2 February 2010
I have lucked out. The shell of my blog has been created with a program called WordPress, by an entity – I’m not sure it’s a company – that seems to be an offshoot of the open source community. This means that the software is free, but it also means that the documentation is likely to be oriented towards techies and impenetrable to anybody else. Luckily, Sarah McHarry has written an online manual, also free, that is a masterpiece. So I was able to get my blog up and running in less than three hours. In fact, in retrospect, I think that, had I read McHarry’s tutorial, the blog part of my marketing efforts could have been a do-it-yourself project.
You can run your blog through WordPress, but there are a lot of advantages to having your own domain name, which I have obtained with Linda’s help. McHarry tells you how to do that by yourself in her second manual, which costs seven dollars. I think that’s an incredible bargain.
In any case, the first phase of my online marketing is in place. Visitors can get to my blog from my web site, and to my web site from my blog, but as I wanted, the two appear as two separate entities to the outside world.
The next phase is social networking (in the limited, online sense). I don’t exactly understand all the mechanics yet. The components include a “fan page” on Facebook, links from other blogs, and “tweets” – the 140-character-long messages produced by Twitter. In theory, there’s a way to automate your blog, or Twitter, or Facebook in such a way that a blog excerpt automatically gets tweeted out to all your followers. You get followers in the first place by adding a hyperlink at the bottom of your blog that allows people to start following you with only a couple of clicks. I looked today, and at the moment I have 17 followers.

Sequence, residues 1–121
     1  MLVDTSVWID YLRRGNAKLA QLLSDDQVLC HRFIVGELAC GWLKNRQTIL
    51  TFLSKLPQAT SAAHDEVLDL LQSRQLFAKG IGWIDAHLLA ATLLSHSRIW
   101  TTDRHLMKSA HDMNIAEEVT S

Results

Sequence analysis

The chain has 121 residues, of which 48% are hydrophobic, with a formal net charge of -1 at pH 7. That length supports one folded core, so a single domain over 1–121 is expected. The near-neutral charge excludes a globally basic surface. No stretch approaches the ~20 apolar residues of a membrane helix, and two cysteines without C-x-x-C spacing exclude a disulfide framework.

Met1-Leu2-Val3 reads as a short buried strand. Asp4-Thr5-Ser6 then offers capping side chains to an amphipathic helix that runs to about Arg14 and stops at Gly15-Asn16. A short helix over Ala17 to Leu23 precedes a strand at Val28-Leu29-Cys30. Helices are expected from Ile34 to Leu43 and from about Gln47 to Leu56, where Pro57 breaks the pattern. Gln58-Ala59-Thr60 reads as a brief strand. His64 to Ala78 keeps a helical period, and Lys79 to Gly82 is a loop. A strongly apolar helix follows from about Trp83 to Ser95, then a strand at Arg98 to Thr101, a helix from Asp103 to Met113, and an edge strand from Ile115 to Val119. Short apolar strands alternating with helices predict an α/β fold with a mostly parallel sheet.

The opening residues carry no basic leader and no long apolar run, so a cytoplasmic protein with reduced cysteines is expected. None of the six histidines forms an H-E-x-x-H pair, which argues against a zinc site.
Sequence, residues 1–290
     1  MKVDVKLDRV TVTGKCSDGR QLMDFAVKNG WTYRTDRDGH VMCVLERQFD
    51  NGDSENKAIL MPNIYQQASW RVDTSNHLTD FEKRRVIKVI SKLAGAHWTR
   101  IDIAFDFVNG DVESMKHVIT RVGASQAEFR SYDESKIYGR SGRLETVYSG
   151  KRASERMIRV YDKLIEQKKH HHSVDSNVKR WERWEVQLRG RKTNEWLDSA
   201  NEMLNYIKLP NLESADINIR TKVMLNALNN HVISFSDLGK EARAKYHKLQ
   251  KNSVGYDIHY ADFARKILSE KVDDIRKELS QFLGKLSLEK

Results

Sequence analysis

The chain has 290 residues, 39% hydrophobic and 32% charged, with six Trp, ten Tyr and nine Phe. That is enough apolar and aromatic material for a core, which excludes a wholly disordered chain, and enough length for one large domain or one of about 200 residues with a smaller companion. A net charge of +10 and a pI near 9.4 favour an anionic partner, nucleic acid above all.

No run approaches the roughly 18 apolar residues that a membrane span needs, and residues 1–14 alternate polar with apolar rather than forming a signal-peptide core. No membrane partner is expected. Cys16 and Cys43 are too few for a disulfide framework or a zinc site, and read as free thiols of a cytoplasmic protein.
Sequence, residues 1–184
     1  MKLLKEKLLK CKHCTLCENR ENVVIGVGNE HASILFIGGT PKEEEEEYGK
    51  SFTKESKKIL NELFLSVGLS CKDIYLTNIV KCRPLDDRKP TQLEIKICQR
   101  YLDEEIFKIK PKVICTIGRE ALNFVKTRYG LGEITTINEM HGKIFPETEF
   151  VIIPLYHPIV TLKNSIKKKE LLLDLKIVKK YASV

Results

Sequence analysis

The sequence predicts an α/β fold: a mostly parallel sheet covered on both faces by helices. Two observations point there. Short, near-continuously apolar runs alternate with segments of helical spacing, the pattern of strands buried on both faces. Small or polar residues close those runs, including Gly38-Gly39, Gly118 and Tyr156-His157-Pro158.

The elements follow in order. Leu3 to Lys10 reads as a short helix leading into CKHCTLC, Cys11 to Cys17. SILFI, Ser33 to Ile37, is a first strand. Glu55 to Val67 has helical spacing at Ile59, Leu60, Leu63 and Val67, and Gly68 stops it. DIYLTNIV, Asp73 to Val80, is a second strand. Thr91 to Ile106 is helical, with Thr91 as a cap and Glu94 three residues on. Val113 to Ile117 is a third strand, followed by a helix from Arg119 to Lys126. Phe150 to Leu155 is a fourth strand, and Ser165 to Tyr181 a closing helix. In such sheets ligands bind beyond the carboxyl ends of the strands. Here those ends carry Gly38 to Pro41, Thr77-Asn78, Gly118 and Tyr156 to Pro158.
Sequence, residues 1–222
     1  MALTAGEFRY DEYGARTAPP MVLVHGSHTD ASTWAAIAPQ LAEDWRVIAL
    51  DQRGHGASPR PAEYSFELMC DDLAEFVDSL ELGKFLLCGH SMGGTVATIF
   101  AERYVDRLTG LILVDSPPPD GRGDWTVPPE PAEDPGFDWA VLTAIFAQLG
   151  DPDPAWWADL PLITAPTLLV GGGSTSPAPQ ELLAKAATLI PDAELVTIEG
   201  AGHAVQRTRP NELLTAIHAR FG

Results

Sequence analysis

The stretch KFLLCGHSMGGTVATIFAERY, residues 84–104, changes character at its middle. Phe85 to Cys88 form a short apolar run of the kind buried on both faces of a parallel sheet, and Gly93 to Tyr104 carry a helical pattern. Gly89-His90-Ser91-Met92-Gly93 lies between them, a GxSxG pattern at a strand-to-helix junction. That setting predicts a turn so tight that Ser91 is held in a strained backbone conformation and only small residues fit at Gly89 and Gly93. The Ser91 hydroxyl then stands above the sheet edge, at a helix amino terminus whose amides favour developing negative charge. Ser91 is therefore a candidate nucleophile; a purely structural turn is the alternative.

But that’s not the point. The goal of tweeting is to generate a so-called viral effect. Because – and this is the key to Twitter as a marketing tool – your followers can retweet your message. There are equations for calculating potential results, based on populating modeling or simple exponential growth.
You can reach a lot of people this way. But, I ask myself once again, is this the proper focus for a novelist?
To be continued…
Follow me on Twitter at www.twitter.com/magicmichael (Magicmichael is my twitter name.)
Read the first chapter of Fortuna right now at www.fortunathebook.com
Note: I’m using the blog format here to post a journal I have been keeping for some time. We will catch up to the present in a couple of weeks.